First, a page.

Nuts and Spices As Thickeners

Appears in
On Food and Cooking

By Harold McGee

Published 2004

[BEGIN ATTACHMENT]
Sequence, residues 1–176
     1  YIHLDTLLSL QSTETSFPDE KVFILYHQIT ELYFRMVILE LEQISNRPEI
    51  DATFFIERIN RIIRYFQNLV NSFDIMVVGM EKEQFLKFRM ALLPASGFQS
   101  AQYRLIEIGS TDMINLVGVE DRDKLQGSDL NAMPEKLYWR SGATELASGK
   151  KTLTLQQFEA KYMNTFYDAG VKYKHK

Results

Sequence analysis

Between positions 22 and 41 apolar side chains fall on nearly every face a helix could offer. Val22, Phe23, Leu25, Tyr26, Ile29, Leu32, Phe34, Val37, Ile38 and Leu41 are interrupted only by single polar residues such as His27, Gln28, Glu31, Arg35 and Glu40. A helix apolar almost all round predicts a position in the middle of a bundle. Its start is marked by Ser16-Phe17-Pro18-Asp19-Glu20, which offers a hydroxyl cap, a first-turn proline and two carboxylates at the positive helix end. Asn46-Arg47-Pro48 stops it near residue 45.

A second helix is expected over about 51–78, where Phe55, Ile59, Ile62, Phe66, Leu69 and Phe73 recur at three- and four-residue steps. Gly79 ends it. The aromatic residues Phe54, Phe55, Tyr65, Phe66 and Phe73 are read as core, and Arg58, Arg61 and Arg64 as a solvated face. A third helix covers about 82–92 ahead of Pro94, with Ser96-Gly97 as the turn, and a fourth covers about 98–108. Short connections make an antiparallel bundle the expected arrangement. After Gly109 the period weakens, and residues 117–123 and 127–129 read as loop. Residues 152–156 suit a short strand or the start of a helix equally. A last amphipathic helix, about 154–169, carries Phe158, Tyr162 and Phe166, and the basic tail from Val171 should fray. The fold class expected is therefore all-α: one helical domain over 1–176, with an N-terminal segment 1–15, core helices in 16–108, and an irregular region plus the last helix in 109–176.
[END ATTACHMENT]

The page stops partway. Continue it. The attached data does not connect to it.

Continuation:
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Among seeds and other dry plant materials, only oily nuts can be made into a sauce base on their own. When such nuts are ground into “butters,” the oil provides the fluid continuous phase that lubricates the particles of cell walls and proteins. But most of the time, nuts are mixed with other ingredients, including liquids, so they become part of a complex suspension and help thicken both with their dry particles and with their oil, which becomes emulsified into tiny droplets. Almonds have long served this purpose in the Middle East and Mediterranean in such sauces as romesco (with red peppers, tomatoes, and olive oil) and picada (garlic, parsley, oil), and the coconut in tropical Asia, where it’s pounded along with spices and herbs to become part of the sauce for cooked meats, fish, and vegetables.